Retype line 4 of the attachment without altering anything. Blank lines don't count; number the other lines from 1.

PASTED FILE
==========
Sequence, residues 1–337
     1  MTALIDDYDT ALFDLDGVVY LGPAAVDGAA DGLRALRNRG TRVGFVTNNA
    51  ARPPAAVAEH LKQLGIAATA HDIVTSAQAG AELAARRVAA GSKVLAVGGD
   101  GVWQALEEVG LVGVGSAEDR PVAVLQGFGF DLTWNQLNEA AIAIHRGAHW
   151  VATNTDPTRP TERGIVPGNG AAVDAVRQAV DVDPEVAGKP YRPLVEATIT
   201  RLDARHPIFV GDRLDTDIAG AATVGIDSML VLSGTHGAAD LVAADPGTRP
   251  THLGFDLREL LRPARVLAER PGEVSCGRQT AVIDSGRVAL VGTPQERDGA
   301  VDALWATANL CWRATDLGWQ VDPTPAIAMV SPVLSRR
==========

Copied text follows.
   101  GVWQALEEVG LVGVGSAEDR PVAVLQGFGF DLTWNQLNEA AIAIHRGAHW